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You mentioned caves. That made me think -- whether or not there are caves, I think much of your area the bedrock is limestone, which is very porous. It's how the stalagtites in caves form, the ground water seeping through the limestone and then dripping down. So you could have rainwater + clay particles that seeps down into your bedrock.
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Dillbert
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a key question would be:
after "topping off" - when the soil sinks, does it sink to the same level ?

you can't count on organic matter to fill up an area. as it decomposes it's volume decreases way big time, something like 600 to 1.

to prevent sifting out - try spun bond stuff - i.e. floating row covers - as a liner
but I don't think that's the problem.

I suspect you're just seeing the sink due to the organic matter collapsing -

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rainbowgardener
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Unless OL was planting in pure compost, it seems like too much sinkage. Topsoil doesn't shrink that much. I have raised beds sitting on my concrete patio and they shrink very little. What I add in mulch makes up for what they lose and the bed stays full. When I go out in spring (when it finally gets here! :) ) and turn the winter mulch under, the bed will not have sunk.
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Ozark Lady
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Down the hill, way down the hill, there is outcroppings of limestone, just laying on the surface. Or where erosion has washed all the soil off of them.

We were double digging the beds, and had this long metal thing, which we used to put under things, rocks, roots and lift them. It is heavy metal bar and about 6 feet long, I don't know what it is, we call it the digging bar.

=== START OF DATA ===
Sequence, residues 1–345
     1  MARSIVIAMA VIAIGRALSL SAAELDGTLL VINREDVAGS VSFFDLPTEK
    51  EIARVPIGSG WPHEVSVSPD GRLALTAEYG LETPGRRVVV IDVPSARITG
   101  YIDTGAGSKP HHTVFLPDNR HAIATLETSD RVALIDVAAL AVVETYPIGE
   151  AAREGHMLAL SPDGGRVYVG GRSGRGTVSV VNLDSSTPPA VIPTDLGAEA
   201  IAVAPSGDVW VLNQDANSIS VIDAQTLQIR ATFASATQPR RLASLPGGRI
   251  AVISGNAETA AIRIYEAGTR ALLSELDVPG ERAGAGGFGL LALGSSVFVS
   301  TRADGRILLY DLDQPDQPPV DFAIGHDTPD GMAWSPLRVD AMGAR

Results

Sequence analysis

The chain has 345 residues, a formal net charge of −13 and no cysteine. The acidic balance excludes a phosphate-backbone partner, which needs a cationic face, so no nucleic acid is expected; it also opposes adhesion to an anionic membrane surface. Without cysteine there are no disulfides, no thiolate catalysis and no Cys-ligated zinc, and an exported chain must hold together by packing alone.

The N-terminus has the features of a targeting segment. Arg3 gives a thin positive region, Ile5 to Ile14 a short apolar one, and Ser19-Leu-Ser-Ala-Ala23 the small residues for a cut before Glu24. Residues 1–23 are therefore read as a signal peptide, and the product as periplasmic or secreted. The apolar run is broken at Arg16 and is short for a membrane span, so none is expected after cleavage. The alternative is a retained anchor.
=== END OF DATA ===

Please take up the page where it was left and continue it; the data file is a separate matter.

Anyhow, hubby was jabbing at something with it, and I was 20-30 feet away and could feel all the vibrations. This is only where the garden is, setting fence posts we often use that digging bar to make the hole, and there is no vibration within 6 feet of the digging. We had fun jabbing and seeing where we could and could not feel the vibrations in the garden. What would that be? We decided likely a deep slab of rock, or even the top of a cave. Not experts by far, only guessing. We dug 3 feet down and found only fist-sized rocks and clay soil.

When septic was dug, we looked over the soil profile, and it was about 2 inches of topsoil, and then virgin red clay and rocks. This was outside the garden area and not where vibrations were felt.

Compost was not added except the first year, below the ground level or the timbers. When the beds shrink, they shrink below ground level of the un-dug paths. Compost, manure and mulch have been added to the top. Which I remove the top to warm the bed in spring, so it is not counted in the shrinkage. And anything that broke down small would not be removable.

If the soil and water are percolating down into bedrock, I would see nothing and it would lower the beds. And each time it is after rains, the spring rains, and the fall rains... It does pretty much lower equally, there are a few holes that are round and about 2", I assume those are animal, snake, or something dug out. And the round holes are not in every bed.

The bedrock sounds likely, and if that is the case, only moving the garden would solve that problem.
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tomf
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What about digging down to the bed rock and putting landscape fabric down?

It is called a digging bar, I use one.